You make the decision to divorce your spouse after years of marriage. Whether you and your spouse simply cannot get along or your spouse caused your marriage’s demise in some way, you want to file to separate.
In Texas, you may file either a fault-based divorce or a no-fault divorce. Either designation will terminate your marriage, but a fault divorce may bring longer proceedings and a more favorable outcome of assets and custody, while no-fault divorces resolve most quickly. Whether you wish to file either divorce type, you want to hire an experienced family law attorney committed to your rights. Divorces prove to involve serious emotions, and terminating a marriage may bring confusion, so you want to employ the expertise of a knowledgeable individual to fight for your rights during your divorce.
Fault divorces place blame
Fault-based divorces force the filing spouse to identify a specific decision or action that your spouse committed that lead to your separation. There are multiple grounds for divorce in Texas including:
- Felony conviction
- Living apart
- Mental hospital confinement
If your spouse inflicted cruel acts against you, did not remain faithful or obtained a felony conviction landing him other in prison, the court may grant your fault divorce. In addition, if your spouse abandoned you for at least one year, you have lived separately for three years or he or she lacks a stable mental state, a court may determine your marriage may not last.
Because fault divorces allow one spouse to use another’s mistakes in the proceedings, some filing spouses receive a higher amount of assets and/or increased custody after division. Especially if your spouse is confined to a mental hospital or is in prison, you may be entitled to more assets and sole custody.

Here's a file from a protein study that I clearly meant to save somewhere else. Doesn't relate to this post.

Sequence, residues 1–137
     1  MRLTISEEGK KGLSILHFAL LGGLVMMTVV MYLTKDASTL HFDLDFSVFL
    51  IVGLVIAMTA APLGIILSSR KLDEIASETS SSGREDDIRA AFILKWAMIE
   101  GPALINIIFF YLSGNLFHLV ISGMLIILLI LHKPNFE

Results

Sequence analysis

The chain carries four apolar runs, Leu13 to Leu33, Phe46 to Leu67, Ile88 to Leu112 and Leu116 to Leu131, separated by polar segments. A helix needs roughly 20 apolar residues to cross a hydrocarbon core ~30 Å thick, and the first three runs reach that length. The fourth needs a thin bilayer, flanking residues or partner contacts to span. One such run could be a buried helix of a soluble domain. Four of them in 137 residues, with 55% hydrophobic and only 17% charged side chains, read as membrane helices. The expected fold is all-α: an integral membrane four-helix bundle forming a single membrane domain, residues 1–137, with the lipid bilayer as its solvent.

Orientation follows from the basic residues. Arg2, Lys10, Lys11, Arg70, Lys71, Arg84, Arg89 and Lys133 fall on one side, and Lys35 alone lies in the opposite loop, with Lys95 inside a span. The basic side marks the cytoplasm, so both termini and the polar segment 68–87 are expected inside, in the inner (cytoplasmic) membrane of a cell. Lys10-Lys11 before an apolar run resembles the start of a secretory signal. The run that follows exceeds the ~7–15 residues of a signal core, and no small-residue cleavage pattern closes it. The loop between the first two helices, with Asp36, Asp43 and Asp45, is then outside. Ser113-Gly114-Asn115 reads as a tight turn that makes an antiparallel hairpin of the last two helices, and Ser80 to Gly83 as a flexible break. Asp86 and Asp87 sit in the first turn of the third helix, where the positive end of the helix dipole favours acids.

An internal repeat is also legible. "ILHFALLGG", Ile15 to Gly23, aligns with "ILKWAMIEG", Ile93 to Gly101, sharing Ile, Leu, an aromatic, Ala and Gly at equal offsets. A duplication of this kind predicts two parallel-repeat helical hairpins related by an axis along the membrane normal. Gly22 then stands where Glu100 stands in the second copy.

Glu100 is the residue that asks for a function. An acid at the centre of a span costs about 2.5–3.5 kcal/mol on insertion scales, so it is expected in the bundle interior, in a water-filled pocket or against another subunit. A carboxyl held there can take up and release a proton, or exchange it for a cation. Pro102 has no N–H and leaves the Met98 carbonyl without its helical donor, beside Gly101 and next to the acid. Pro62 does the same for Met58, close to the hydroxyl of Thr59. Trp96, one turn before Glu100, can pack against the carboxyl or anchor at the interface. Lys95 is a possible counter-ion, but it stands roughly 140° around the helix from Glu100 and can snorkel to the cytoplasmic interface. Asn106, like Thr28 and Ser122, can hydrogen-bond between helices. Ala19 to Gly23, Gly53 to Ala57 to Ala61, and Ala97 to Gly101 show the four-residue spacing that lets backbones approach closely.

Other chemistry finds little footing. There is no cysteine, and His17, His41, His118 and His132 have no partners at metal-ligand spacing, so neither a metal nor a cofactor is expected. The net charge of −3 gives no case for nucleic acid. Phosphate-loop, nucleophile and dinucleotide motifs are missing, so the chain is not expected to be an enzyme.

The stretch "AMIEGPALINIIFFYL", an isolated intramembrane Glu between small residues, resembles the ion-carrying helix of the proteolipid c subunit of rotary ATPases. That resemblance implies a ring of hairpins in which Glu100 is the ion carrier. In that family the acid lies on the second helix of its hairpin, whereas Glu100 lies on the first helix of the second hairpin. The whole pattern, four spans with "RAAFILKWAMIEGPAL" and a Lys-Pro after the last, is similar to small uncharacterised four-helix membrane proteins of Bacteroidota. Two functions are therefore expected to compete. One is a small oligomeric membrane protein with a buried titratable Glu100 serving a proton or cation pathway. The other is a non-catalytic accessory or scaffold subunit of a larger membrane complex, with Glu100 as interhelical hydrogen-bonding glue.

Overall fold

No-fault divorces settle more quickly
The most common type of divorce existing in the United States is called a no-fault divorce. During no-fault divorce proceedings, the filing spouse does not indicate a transgression or fault of their spouse that lead to the end of marriage. The spouses will simply determine that they suffer from “irreconcilable differences” and can no longer stay married.
No-fault divorces prove much easier to complete than fault divorces as they do not need to present evidence and place blame on an individual spouse.
If you believe your spouse made a decision that broke your marriage, and you wish to file a fault-based divorce, you want to utilize the expertise of an attorney. Perhaps you and your spouse agree that divorce proves best for your situation, but you do not want to place blame on your husband or wife, you still may wish to speak with an attorney. Divorces involve important marital assets, and without the proper representation, you may leave the relationship without your deserved division.